How much does a farmhouse sink cost? Also known as apron sinks, apron-style sinks or country style sinks, their cost is generally determined by material, quality and size.
These apron sink prices are for the sink only. Associated costs are covered below.
Stainless steel farmhouse sink prices:
- Average cost: $425-$800
- Low cost: $220
- High cost: More than $2,000
- Factors affecting cost: Gauge of the material, accessories, finish
Composite granite farmhouse sink prices:
- Average cost: $500-$850
- Low cost: $375
- High cost: More than $1,200
- Factors affecting cost: Composite quality, apron design, finish, sink configuration, accessories
Porcelain or fireclay farmhouse sink prices:
- Average cost: $725-$1,200
- Low cost: $500
- High cost: More than $2,500
- Factors affecting cost: Quality of the glaze, sink configuration, accessories
Copper farmhouse sink prices:
- Average cost: $900-$1,250
- Low cost: $725
- High cost: More than $2,000
- Factors affecting cost: Gauge of the copper, metalwork design features, finish, sink configuration, accessories
Cast iron farmhouse sink prices:
- Average cost: $950-$1,400
- Low cost: $650
- High cost: More than $1,600
- Factors affecting cost: Quality of the enamel coating, sink configuration, accessories
Costs Associated with New Sink Installation
Depending on your level of DIY skills, you might be able to do some or all of this work yourself. If you hire someone for the work, here are the estimates you can expect.
- Removing the old sink: $25-$65, though if this is the only work the contractor does, a service fee of up to $125 might be charged for the visit
- Installing the new sink: $50-$400 depending on whether the sink cabinet needs modification, the number of accessories such as sprayer and soap dispenser to be hooked up and the presence of equipment that requires plumbing such as a water filter, garbage disposer or tankless water heater
- Farmhouse sink repair: $75-500 starting with repairing minor scratches or bumping out a small dent up to reglazing the entire sink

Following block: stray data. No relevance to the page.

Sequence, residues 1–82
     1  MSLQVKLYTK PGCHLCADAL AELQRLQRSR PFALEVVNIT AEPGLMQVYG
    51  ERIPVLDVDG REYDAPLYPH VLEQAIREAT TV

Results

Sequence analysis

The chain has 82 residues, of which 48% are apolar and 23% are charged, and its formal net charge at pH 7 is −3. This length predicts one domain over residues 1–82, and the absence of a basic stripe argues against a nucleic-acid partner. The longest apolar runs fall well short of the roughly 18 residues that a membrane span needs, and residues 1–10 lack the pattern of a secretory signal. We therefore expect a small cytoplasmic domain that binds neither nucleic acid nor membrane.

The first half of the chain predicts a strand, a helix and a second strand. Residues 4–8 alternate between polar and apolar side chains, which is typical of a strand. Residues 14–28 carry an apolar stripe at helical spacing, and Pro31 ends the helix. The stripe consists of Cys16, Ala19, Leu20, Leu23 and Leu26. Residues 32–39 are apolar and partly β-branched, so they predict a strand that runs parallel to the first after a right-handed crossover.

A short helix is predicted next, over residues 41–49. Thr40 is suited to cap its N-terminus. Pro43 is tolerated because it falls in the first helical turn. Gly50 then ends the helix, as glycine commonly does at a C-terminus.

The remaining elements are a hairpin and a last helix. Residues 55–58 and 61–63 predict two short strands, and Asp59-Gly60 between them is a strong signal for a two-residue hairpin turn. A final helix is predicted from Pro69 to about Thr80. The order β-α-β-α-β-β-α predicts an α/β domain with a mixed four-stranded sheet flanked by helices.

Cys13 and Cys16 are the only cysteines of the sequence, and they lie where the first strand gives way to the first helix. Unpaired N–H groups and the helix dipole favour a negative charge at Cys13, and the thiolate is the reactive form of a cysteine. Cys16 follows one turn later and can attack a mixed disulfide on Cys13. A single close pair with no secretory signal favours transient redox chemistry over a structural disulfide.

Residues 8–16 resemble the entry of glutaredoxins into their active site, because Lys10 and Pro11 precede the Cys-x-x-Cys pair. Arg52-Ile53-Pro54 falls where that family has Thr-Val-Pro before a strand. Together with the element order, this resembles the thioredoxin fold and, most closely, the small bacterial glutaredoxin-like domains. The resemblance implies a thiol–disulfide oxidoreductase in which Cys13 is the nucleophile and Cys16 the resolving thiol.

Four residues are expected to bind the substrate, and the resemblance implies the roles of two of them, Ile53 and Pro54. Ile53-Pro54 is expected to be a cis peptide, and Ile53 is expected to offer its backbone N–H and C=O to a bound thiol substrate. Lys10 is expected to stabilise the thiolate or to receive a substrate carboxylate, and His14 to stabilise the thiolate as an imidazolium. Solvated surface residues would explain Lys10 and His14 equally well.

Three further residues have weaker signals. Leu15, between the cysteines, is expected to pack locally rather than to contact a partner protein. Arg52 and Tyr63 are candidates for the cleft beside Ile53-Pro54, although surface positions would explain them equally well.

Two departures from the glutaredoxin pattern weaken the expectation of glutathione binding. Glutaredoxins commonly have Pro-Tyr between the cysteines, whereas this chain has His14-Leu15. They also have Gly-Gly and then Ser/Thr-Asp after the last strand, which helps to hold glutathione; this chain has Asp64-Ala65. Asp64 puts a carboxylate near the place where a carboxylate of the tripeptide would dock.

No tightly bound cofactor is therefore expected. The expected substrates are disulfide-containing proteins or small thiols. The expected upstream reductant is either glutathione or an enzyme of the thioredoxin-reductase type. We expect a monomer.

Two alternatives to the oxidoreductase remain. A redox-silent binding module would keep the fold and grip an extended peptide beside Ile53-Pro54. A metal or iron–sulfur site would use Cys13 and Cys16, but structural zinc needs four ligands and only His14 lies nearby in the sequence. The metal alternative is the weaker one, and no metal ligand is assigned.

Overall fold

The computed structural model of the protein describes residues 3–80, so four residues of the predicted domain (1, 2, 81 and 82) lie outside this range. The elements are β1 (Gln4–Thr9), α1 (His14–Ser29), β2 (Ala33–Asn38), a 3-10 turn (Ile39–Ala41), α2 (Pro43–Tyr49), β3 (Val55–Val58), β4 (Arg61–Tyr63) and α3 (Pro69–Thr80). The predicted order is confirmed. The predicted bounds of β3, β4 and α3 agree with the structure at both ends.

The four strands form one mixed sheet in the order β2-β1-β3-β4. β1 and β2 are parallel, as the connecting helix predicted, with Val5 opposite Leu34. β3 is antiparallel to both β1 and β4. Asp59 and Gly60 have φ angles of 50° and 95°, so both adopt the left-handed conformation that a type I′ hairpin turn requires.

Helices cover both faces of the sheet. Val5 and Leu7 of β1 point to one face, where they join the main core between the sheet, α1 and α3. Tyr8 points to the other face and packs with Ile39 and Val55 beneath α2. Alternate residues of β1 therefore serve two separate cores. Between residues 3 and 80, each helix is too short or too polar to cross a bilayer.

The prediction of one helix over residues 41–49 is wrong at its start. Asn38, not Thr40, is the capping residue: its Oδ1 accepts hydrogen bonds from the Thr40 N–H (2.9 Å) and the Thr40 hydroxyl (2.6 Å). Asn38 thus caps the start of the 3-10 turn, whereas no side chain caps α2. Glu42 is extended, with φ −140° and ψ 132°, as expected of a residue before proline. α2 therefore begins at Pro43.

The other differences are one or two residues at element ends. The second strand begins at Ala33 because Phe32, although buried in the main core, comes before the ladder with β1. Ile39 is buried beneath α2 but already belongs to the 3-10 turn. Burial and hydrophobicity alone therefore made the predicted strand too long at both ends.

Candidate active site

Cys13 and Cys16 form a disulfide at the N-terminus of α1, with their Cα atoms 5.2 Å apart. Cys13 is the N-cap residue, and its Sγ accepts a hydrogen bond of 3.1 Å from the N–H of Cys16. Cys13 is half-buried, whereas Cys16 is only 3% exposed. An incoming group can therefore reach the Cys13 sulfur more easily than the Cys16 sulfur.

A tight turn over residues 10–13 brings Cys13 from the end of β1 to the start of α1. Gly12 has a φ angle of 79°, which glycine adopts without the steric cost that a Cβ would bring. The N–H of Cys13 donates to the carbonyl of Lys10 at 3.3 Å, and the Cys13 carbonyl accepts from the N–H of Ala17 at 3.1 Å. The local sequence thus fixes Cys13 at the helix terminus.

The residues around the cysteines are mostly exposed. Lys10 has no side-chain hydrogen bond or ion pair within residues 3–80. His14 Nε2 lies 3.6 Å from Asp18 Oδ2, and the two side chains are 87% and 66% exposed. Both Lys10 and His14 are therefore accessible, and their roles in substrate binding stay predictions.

Saving Money on your Farmhouse Kitchen Sink and Installation
If you want to save money on the sink, choosing stainless steel is a good consideration. The material is easy to clean and maintains its good looks for many years. Regardless of the material you choose, these tips will help you find what you want at the lowest prices.
- Shop discount and clearance sinks for discontinued sinks that might look fabulous in your kitchen
- Shop local stores and online retailers to compare prices
- Choose a smaller sink or one that has fewer features
- Go with a basic sink in the material you prefer rather than a high-end model
Here are a few money-saving tips for sink removal and installation
- Remove the old sink yourself or hire a handyman rather than a kitchen contractor
- Save on disposal fees by turning the old sink into a utility sink in the basement or a flower planter in the backyard
- Install the faucet yourself
- Hook up the drain, water lines and accessories yourself
If the new sink is part of a larger kitchen remodel, the best way to find the lowest costs is to get estimates from multiple local contractors for the entire project. We can help you save money with our convenient estimate service. Simply fill out one quick form, and you’ll receive written estimates from three prescreened contractors in your area. The kitchen remodelers know they’re competing for the job, so they provide their lowest possible estimates. There is no cost to you, and you’re not obligated to accept any of the estimates.
Farmhouse Sink Price FAQ
This sink cost Q&A will answers common questions.
Are used sinks available?
Will I save money if I help a professional install my new sink and faucet?
It’s unlikely. Unless you have enough skill to do the job yourself, in which case you should consider doing it, a professional might consider your efforts to help to be more of a hindrance.
I’m having new cabinets and countertops installed. Will I save money to have the kitchen contractor install the new sink and faucet too?
You probably will, especially if the sink and faucet are on site when the countertops are ready for installation. It generally costs less to pay a contractor already at your home than to call another one to make a separate trip there.
Is a high-end sink worth the higher price?
If you’re asking if, for example, a $2,000 stainless steel sink is twice as good as a $1,000 stainless steel sink, then no, it’s probably not – though it might be of a noticeably higher quality and durability than a $500 model. However, when you get into the high end of the price range, the differences are more about style and appearance. In that discussion, whether or not it is worth it is a subjective question only you can answer.
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